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Credit: Alana Kelly

You are not a hero for walking a drunk girl home. You do not deserve praise for your silence as “the boys” objectify women. You should not be put on a pedestal because you could have been a bad guy, but “you’re not like that.” That is not enough. You should not only care about what happens to women just because we are your sisters, your mothers, your classmates, and your friends. You should care because we are people and the comments some write off as “compliments,” the grazes that last a second too long, and the constant cycle of violence in the news have aggregated to a boiling point of frustration and exhaustion. 

In light of the recent events in the United Kingdom and New York it is important to continue fostering a productive dialogue about the plights women face, including sexual assault and harassment. This gender-based pandemic is not a discussion exclusively for women to have. In order for there to be constructive dialogue and societal transformation, everyone needs to be actively involved in the conversation, regardless of whether the news deems it a current event, because for women, it always is. 

The recent abduction and death of Sarah Everard propelled a conversation that stretched beyond the United Kingdom’s borders. Every news story and social media post said the same thing: Sarah did everything right. As James Hookway wrote in the Wall Street Journal, "She chose well-lit streets and spoke with her boyfriend by phone. She did many of the things women are advised to do to improve their safety, yet she didn’t make it home." While many make attempts to conflate violence against women with the victim’s mistakes, Sarah did everything right. So, who is left to blame? 

Her story feels universal to women. I remember a feeling of embarrassment flooding my cheeks this past summer when a friend asked me what was on my house keys. I felt ashamed as I told her it was mace — ashamed that I did not deserve to be worried, that I was being dramatic. In reality, it was just a reflection of a missing narrative. Prior to openly speaking about my concerns walking to my car at night, I thought I was alone, attributing it to general anxiety and a protective mother, unaware that my fears were universal. Sarah’s story has brought images of keys tucked between tightly clenched fists, alarmed glances thrown over shoulders, and “got home safe” texts to the forefront of people’s minds. Women around the world — particularly women of color — are starting to recognize that their fears are valid and tangible.

While horrifying and overtly destructive attacks like these generate a lot of attention, it is also vital to not overlook the more subtle and implicit acts of sexual harassment that are more easily accepted by society. New York’s Governor Cuomo was recently accused of sexual harassment, and as someone from the state of New York, I was shocked at people’s reactions to the allegations. Maybe it came from a place of naivety, but I thought after the #MeToo Movement, there would be a genuine shift in the perspective when hearing women come forward. I wrongly believed that society would adopt an understanding that women gain little from coming forward in many cases, but this case exhibited the opposite. After Governor Cuomo’s refusal to resign, the story has lost the traction it once had. The news has cycled onto more current events, leaving these women’s powerful stories cemented in the past.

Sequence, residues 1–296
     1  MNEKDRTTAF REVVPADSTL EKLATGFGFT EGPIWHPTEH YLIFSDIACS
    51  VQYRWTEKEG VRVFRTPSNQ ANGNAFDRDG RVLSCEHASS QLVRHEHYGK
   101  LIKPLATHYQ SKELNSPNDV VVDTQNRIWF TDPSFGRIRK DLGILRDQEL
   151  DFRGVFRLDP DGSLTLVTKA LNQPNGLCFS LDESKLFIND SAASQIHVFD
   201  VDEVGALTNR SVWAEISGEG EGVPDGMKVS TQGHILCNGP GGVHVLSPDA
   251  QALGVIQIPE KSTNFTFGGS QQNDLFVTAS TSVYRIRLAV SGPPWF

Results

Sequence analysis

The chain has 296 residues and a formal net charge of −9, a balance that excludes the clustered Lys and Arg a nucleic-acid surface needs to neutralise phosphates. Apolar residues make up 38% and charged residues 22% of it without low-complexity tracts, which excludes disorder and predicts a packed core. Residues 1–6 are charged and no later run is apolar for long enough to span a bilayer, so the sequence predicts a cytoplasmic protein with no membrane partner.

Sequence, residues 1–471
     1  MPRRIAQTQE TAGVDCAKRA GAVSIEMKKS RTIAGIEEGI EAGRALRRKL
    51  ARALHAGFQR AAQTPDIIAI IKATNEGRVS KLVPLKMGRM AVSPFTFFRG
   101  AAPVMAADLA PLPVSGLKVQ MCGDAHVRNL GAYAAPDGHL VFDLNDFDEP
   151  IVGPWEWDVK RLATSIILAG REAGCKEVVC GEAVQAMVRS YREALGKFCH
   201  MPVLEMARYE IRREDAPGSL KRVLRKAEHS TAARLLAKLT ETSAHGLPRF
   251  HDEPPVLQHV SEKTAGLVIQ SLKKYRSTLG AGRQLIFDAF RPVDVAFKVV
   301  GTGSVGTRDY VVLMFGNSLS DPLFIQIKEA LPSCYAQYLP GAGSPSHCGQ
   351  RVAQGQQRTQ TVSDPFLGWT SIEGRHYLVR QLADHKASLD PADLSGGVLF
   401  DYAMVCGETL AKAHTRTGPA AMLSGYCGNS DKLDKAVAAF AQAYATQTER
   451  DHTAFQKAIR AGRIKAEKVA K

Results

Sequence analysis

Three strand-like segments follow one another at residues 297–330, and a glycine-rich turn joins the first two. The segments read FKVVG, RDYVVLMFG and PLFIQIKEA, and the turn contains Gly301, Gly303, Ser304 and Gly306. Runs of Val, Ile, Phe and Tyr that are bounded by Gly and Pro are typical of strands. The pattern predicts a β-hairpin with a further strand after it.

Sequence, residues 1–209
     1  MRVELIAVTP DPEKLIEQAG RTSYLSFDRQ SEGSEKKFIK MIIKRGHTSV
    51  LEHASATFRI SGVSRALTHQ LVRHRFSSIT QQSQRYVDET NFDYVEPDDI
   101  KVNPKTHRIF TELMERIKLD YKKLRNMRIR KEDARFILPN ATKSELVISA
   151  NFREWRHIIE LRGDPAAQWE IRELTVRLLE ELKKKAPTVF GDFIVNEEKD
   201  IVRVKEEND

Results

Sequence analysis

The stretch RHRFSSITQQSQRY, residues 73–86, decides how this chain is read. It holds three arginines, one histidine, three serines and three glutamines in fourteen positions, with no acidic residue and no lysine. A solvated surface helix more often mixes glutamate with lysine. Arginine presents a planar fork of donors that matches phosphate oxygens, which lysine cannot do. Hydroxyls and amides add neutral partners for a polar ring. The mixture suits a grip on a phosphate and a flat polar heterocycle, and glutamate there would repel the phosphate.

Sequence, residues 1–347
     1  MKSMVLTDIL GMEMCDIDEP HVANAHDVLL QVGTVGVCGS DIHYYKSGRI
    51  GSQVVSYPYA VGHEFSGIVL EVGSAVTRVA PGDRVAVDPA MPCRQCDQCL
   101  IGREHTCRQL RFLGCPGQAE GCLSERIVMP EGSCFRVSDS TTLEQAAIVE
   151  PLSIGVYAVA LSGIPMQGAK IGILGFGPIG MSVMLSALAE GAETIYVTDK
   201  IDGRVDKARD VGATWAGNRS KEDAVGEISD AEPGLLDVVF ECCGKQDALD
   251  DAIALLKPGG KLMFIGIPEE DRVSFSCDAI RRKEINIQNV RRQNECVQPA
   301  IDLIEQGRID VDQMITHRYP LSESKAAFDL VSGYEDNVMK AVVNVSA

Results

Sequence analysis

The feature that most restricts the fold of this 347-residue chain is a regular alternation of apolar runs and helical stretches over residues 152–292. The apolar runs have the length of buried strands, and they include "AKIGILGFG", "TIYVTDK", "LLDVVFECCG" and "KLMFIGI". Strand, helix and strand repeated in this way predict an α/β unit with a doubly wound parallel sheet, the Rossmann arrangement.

Students at Penn pride themselves on the prestigious nature of this university — we are the next generation to hold positions of power, and this comes with the obligation to use our voices. We cannot let stories like these become incidents that we only give our thoughts and prayers to, especially because Penn needs to radically change how it deals with these issues on its own campus. Statistics point to the fact that Penn itself is not a safe place for its students who identify as women. A 2019 survey conducted by the Association of American Universities demonstrated the failures of Penn’s attempts at addressing unwanted sexual contact on campus. Nearly 26% of undergraduate women reported that they experienced unwanted sexual contact during college, numbers that differ little from those collected by the same survey in 2015.

Penn could benefit from more discussion about sexual assault and harassment, and how a culture of this kind of behavior is perpetrated. Academic journals have recognized the danger that fraternity houses can pose for women — the numbers are even more frightening, stating that "fraternity men are three times more likely to commit rape than their non-Greek peers." With a clear correlation like this, it should not be too much to ask that there be higher turnout amongst IFC fraternities at Penn Anti-Violence Educators seminars that educate on sexual assault prevention. Historically, there has been low turnout at these events despite them being mandatory for new members. Until the entire student body — not just women on campus — understands the additional burdens on women and what steps can be taken to remediate these problems, substantial change cannot occur.

Shying away from these emotionally taxing conversations is not the answer. Yes, it is hard to talk about something so pervasive, but silence won’t create change. The women around you want to feel heard. We are tired of being seen as objects and are exhausted from hearing that we are equal when individual action seems to suggest otherwise. Instead of praising people for just not doing the wrong thing, let’s foster a dialogue on how to take concrete, productive steps towards changing the way we talk and treat women. Only giving us your attention when the news does is not enough.

ISABELLA GLASSMAN is a College sophomore studying philosophy, politics, and economics from Suffern, N.Y. Her email is